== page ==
Gold Bulls Retrench as Price Drops Most in 32 Years: Commodities
Hedge funds got less bullish on gold for the seventh time in eight weeks as the U.S. economy strengthens and inflation fails to accelerate, driving prices to the biggest annual drop in more than three decades.
The net-long position in gold fell 12 percent to 28,702 futures and options in the week ended Dec. 24, U.S. Commodity Futures Trading Commission data show. Short holdings gained 1.1 percent to 76,052, a three-week high. Net-bullish holdings across 18 U.S.-traded commodities climbed 4.5 percent to 768,354 contracts as copper wagers gained to a 34-month high.
Investors shunned gold in 2013, halting 12 straight years of price gains. Global equities rallied on improving growth prospects and inflation failed to accelerate, eroding demand for bullion as a preserver of wealth. Assets in exchange-traded products backed by bullion fell to the lowest since 2009 as holders including billionaires George Soros and John Paulson sold. The International Monetary Fund signaled this month the U.S. economy will expand more than forecast.
“Gold is something we avoid,” said Michael Shaoul, the chief executive officer of Marketfield Asset Management LLC, which oversees about $17 billion. “The developed economies are growing, and equities remain very interesting, so there is really no reason to be in gold.”
Futures in New York retreated 28 percent this year to $1,202.30 an ounce, the first loss since 2000 and the biggest since 1981. The Standard & Poor’s GSCI Spot Index of 24 raw materials slid 2.2 percent, while the MSCI All-Country World index of equities advanced 20 percent. The Bloomberg Dollar Index, a gauge against 10 major trading partners, rose 3.5 percent. The Bloomberg Treasury Bond Index fell 3.1 percent.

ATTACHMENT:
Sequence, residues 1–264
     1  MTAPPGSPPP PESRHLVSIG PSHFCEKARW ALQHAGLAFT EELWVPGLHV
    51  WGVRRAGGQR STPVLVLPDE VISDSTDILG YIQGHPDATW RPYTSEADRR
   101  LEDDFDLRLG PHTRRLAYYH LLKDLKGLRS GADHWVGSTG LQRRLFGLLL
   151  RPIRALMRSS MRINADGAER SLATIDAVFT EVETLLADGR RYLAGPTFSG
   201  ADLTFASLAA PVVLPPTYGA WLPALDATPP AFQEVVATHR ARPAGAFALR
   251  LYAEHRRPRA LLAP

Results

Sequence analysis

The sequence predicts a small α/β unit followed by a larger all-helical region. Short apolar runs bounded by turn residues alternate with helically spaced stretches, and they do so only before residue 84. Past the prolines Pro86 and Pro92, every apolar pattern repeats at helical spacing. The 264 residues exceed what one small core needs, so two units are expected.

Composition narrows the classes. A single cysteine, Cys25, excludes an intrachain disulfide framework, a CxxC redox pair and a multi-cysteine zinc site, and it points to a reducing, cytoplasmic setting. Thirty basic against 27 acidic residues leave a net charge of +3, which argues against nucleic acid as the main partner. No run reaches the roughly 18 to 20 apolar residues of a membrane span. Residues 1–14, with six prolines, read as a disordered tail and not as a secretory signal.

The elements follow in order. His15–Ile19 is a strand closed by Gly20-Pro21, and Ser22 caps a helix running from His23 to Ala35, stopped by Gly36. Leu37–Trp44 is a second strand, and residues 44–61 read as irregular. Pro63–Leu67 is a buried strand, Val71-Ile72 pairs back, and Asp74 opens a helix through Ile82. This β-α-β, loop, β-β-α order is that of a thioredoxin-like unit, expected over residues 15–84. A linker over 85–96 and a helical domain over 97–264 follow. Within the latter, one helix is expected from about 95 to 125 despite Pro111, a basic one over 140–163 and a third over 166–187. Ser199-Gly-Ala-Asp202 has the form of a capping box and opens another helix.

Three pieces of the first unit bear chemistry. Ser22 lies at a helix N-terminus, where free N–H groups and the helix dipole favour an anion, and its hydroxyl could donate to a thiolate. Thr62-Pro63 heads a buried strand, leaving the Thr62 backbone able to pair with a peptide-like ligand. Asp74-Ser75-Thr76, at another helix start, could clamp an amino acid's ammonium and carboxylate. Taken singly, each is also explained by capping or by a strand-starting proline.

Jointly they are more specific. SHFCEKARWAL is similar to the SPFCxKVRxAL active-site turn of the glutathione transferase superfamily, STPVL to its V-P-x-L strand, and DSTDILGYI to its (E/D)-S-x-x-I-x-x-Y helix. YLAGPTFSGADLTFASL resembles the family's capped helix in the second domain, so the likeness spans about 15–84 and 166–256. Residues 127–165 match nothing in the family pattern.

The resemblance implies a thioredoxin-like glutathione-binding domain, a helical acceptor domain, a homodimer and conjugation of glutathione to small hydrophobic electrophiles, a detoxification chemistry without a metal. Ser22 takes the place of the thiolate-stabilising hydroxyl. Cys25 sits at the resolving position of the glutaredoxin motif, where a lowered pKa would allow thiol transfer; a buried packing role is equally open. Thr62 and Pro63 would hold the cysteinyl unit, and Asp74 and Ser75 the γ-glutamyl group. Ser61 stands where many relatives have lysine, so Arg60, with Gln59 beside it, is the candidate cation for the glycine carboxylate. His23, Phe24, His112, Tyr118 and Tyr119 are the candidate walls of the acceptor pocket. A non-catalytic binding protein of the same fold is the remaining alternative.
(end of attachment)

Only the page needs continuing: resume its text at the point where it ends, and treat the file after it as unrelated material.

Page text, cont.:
Investors pulled $38.6 billion from gold funds this year, the most in data going back through 2000, according to EPFR Global, a research company. Futures settled at a three-year low on Dec. 19, a day after the Federal Reserve cut the pace of its monthly bond purchases to $75 billion from $85 billion, easing concern that inflation would accelerate. U.S. consumer prices were unchanged in November after a 0.1 percent drop the prior month, according to Dec. 17 data from the Labor Department.
U.S. pending home sales climbed 0.2 percent in November, the first gain in six months, the National Association of Realtors said yesterday. There’s a “much stronger outlook” for U.S. growth in 2014, IMF Managing Director Christine Lagarde said in an interview broadcast Dec. 22 on NBC’s “Meet the Press.”
Prices are “likely to grind lower” through 2014, Jeffrey Currie, the head of commodities research at Goldman Sachs Group Inc. in New York, said in a telephone interview Dec. 19. The metal will reach $1,050 by the end of 2014, the bank said in a Nov. 20 report. The Fed will probably cut its bond purchases in $10 billion increments over the next seven meetings before ending the program in December 2014, according to a Bloomberg survey of economists conducted on Dec. 19.
The improving economic growth that’s prompted investors to flock to equities may eventually bring more inflation and revive demand for bullion, according to Jim Russell, who helps oversee $113 billion as a Cincinnati-based senior equity-strategist for U.S. Bank Wealth Management.